Two months ago, I showed a video of a new computer simulation that fairly accurately recreates the evolution of the universe from around 400 million years after the Big Bang to the present, and also linked to the paper by its creators.
While that was visually arresting, non-physicists might have had a hard time interpreting what they were seeing. The journal Nature, where the paper was published, has produced a video that explains more and gives a commentary as the universe evolves. It is pretty good, though the way it depicts the Big Bang, while dramatic, reinforces some of the popular misconceptions of what it was like.
The volume that the simulation encompasses is large enough that it contains 41,416 galaxies at z=0 (i.e., the present) and what it does is put in the input values that we know about what the universe consisted of 12 million years after the Big Bang, the laws we know about how the constituents interact, and then watches it evolve. As the authors say, “The initial conditions for structure formation in the Universe are tightly constrained from measurements of anisotropies in the cosmic microwave background radiation.”
Here are some quotes from the paper that describe what they researchers did and why their result is new and significant.
The authors describe the limits of previous simulations.
No single, self-consistent simulation of the Universe was able to simultaneously predict statistics on large scales, such as the distribution of neutral hydrogen or the galaxy population of massive galaxy clusters, together with galaxy properties on small scales, such as the morphology and detailed gas and stellar content of galaxies.
Simulating the formation of realistic disk galaxies, like our own Milky Way, has remained an unsolved problem for more than two decades. The culprit was an angular momentum deficit leading to too high central concentrations, overly massive bulges and unrealistic rotation curves.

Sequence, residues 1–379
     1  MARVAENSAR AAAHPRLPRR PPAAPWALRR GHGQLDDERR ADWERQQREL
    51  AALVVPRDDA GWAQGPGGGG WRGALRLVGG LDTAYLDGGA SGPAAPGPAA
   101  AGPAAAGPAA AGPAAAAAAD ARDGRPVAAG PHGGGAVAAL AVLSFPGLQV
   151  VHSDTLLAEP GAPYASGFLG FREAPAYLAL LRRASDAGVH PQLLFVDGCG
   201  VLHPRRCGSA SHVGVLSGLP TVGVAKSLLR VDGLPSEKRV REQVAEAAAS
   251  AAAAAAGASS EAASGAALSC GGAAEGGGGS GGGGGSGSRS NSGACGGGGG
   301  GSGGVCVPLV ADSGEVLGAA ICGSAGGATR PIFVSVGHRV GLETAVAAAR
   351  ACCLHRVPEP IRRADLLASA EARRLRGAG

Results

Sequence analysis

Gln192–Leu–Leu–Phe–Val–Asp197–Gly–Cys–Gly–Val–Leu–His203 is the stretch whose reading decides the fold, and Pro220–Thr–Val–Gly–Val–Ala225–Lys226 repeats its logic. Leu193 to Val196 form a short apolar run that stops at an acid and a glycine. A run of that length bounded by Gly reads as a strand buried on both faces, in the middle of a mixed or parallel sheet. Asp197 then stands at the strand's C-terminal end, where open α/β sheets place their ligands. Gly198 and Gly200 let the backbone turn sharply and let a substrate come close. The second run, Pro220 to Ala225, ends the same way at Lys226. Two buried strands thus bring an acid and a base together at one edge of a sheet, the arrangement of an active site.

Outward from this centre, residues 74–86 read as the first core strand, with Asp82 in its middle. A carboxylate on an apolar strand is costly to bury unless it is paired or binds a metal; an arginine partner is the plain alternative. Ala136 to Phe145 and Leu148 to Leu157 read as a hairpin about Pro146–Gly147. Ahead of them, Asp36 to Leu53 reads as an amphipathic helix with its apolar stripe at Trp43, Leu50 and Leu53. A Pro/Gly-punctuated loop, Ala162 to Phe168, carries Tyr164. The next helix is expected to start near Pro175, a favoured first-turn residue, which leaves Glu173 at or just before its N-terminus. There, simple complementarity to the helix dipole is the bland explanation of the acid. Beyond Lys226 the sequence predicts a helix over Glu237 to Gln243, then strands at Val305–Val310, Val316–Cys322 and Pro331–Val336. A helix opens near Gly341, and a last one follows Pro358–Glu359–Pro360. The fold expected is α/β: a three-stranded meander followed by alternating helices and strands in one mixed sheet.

They describe what enabled them to overcome those problems.
Rapid advances in computing power combined with improved numerical algorithms and more faithful models of the relevant physics have allowed us to produce a simulation (named Illustris) that simultaneously follows the evolution of dark matter and baryons in detail. Starting approximately 12 million years (Myr) after the Big Bang, our simulation tracks the evolution of more than 12 billion resolution elements in a volume of (106.5 Mpc)3 up to the current epoch (redshift z=0)
Our calculation therefore overcomes the problems of previous hydrodynamic simulations which either did not cover a large enough portion of the Universe to be representative, lacked adequate resolution, or failed to reach the present epoch.
The paper goes on to describe what they achieved.
Unlike previous attempts, we find a mix of galaxy morphologies ranging from blue spiral galaxies to red ellipticals, with a hydrogen and ‘metal’ (that is, all elements other than hydrogen and helium) content in good agreement with observational data. At the same time, our model predicts correctly the large-scale distribution of neutral hydrogen, and the radial distribution of satellite galaxies within galaxy clusters. Our results therefore demonstrate that the Λ cold dark matter (ΛCDM) model can correctly describe the variety of observational data on small and large scales in our Universe.
The fact that our calculation naturally produces a morphological mix of realistic disk galaxies coexisting with a population of ellipticals resolves this long-standing issue. It also shows that previous futile attempts to achieve this were not due to an inherent flaw of theΛ CDM paradigm, but rather due to limitations of numerical algorithms and physical modelling.
Of course, we never solve all the problems and there are yet outstanding issues.
Although our simulation provides a significant step forward in modeling galaxy formation by reproducing simultaneously many disparate observations on large and small scales, there are still outstanding problems. One such problem lies in the formation of low-mass galaxies: our simulation tends to build up the stellar mass of low-mass galaxies below M*≈1010M⊙ too early, resulting in stellar populations that are too old, with mean ages a factor of two to three larger than observed.
It will clearly be challenging to test new schemes that also directly treat the stellar radiation fields with statistically meaningful samples of galaxies, as this poses extremely high computational demands that go significantly beyond what was achieved in the present work. Nevertheless, such new generations of large-scale high-resolution hydrodynamic simulations might become feasible within the next decade.
It never ceases to amaze me that although we humans have existed for just a tiny fraction of time in just a tiny speck of the universe, we have managed to recreate almost our entire history.